Defining exactly who qualifies as a philanthropist is a complicated business. Essentially, the term refers to somebody who actively seeks to help those in need, most commonly through generous donations to charities and other worthy causes. But does the scale of generosity determine who is or isn’t a philanthropist? Or can anyone who occasionally drops change into a collection box put a claim on the title?
To qualify as a true philanthropist, the amount and regularity of giving is probably of some significance. At the top end of the scale, billionaire couple Bill and Melinda Gates work to reduce poverty and improve healthcare internationally through their charitable foundation. But what if philanthropy were measured in terms of self-sacrifice? Could some coins in a charity pot, or a small monthly donation offered by somebody with little of their own to spare, be called philanthropy?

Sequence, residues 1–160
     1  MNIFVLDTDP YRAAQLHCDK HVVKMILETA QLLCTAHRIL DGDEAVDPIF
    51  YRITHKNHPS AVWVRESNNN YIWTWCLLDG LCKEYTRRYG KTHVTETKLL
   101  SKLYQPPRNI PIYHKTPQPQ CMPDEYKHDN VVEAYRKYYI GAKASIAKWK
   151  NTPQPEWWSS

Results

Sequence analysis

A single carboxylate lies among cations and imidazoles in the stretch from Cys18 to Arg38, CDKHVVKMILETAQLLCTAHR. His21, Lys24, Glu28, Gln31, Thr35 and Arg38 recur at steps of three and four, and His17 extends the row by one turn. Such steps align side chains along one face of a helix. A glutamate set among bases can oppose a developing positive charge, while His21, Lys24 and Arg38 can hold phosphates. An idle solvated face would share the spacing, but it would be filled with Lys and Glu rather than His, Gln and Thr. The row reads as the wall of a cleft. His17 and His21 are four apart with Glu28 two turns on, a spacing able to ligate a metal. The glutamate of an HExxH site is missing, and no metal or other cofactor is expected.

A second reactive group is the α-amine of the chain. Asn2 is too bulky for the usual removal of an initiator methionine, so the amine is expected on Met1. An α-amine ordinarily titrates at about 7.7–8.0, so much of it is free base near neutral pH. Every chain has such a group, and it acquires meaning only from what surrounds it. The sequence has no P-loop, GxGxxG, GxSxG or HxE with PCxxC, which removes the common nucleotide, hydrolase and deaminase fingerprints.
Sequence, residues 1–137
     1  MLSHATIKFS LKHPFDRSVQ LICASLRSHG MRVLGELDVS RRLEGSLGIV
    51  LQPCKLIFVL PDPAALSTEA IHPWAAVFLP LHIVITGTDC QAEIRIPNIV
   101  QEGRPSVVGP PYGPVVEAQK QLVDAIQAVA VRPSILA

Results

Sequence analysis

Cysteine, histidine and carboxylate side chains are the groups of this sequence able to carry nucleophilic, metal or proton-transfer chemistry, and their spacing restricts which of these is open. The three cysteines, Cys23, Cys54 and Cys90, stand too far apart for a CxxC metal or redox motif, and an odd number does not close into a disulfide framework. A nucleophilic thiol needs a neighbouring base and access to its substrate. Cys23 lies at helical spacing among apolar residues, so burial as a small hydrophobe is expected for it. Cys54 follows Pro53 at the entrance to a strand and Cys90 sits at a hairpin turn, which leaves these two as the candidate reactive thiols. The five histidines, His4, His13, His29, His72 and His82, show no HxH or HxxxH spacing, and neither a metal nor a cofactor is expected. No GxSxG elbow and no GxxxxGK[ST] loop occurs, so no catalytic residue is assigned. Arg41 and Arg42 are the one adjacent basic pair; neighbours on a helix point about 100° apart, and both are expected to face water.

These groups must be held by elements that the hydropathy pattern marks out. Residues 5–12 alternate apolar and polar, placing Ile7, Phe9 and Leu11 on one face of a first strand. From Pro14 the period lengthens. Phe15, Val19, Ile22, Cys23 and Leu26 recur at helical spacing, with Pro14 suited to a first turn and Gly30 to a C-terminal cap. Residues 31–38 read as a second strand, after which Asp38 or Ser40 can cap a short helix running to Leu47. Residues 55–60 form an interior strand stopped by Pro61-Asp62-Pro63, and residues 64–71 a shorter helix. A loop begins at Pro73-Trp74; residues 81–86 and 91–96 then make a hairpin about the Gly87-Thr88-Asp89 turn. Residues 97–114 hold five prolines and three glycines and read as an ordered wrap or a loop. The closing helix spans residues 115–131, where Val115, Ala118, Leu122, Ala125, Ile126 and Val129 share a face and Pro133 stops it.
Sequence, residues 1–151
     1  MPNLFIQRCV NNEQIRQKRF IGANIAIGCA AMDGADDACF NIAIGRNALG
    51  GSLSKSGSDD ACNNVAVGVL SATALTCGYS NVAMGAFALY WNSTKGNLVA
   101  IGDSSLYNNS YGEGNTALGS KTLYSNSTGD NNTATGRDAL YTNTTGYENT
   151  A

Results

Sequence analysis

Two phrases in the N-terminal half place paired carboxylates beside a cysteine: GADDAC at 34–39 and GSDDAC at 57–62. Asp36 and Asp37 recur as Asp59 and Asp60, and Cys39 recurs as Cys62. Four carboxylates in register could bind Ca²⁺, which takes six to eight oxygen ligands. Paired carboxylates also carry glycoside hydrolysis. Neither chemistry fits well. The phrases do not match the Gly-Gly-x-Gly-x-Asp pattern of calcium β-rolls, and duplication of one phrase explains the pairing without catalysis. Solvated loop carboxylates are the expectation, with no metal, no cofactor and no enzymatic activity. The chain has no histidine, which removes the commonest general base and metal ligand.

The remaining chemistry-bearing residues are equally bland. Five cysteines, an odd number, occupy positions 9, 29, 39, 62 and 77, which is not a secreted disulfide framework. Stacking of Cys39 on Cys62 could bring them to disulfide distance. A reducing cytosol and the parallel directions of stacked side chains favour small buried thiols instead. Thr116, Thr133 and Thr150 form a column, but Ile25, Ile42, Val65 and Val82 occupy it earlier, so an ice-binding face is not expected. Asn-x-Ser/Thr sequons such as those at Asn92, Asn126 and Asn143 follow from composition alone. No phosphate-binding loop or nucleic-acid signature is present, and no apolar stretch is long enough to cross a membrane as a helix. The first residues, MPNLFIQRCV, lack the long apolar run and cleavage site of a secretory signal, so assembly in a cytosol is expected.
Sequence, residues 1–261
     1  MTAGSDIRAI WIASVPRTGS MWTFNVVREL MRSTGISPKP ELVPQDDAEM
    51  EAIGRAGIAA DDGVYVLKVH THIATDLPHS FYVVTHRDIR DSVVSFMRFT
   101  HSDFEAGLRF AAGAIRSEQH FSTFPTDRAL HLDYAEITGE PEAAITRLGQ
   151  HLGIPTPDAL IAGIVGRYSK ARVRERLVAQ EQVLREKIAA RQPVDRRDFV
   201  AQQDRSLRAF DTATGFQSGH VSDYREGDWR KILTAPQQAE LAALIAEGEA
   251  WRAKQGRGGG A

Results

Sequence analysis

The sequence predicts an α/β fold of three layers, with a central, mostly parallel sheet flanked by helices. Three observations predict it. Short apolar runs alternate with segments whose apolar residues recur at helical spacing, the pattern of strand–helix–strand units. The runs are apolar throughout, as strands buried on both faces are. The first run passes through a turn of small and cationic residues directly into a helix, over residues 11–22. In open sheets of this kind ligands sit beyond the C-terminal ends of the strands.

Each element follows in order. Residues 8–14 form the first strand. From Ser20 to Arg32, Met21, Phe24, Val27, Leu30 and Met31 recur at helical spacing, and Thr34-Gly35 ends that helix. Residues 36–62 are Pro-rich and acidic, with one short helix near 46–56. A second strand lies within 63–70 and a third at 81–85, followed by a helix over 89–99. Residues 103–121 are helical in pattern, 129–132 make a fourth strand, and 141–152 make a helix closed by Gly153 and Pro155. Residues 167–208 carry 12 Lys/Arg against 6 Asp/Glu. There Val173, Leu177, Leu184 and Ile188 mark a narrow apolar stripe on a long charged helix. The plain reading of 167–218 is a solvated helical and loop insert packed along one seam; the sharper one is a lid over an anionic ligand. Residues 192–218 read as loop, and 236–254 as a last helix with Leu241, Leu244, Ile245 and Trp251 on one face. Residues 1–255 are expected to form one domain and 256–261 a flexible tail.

Between the two extremes of billionaires’ charities and the public’s spare change exist a broad spectrum of philanthropists supporting a multitude of charitable concerns. To assist philanthropists in reaching those in need, community foundations have sprung up in some UK counties. For example, the work of the Essex Community Foundation involves “identifying common interests and developing strategies designed to bring philanthropists closer to the work of recipients.”
Those hoping to emulate the altruism of history’s famous philanthropic families, including Rowntree, Rathbone and Cadbury, should carefully plan their acts of kindness and take financial advice on the effect their benevolence could have on their wealth. For example, philanthropists might be able to benefit from tax advantages (subject to current HMRC rules) such as Gift Aid on taxpayers’ donations or Inheritance Tax rate cuts, which could reduce your IHT liability from 40% to 36% if you leave at least 10% of your estate to charity.